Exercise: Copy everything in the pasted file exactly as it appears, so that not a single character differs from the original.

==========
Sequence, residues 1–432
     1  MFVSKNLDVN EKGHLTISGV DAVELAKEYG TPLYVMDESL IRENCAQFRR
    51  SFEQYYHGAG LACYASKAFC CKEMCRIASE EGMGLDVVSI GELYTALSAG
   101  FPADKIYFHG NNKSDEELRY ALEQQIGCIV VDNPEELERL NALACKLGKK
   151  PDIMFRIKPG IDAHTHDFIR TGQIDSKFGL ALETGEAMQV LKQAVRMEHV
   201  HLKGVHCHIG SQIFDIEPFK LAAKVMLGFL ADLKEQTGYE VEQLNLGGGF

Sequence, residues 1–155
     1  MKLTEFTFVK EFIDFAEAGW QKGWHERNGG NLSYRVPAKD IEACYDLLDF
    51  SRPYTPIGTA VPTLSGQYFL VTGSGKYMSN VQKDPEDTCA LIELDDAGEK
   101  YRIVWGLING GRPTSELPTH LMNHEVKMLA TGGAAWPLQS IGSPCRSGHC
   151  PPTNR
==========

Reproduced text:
Sequence, residues 1–432
     1  MFVSKNLDVN EKGHLTISGV DAVELAKEYG TPLYVMDESL IRENCAQFRR
    51  SFEQYYHGAG LACYASKAFC CKEMCRIASE EGMGLDVVSI GELYTALSAG
   101  FPADKIYFHG NNKSDEELRY ALEQQIGCIV VDNPEELERL NALACKLGKK
   151  PDIMFRIKPG IDAHTHDFIR TGQIDSKFGL ALETGEAMQV LKQAVRMEHV
   201  HLKGVHCHIG SQIFDIEPFK LAAKVMLGFL ADLKEQTGYE VEQLNLGGGF

Sequence, residues 1–155
     1  MKLTEFTFVK EFIDFAEAGW QKGWHERNGG NLSYRVPAKD IEACYDLLDF
    51  SRPYTPIGTA VPTLSGQYFL VTGSGKYMSN VQKDPEDTCA LIELDDAGEK
   101  YRIVWGLING GRPTSELPTH LMNHEVKMLA TGGAAWPLQS IGSPCRSGHC
   151  PPTNR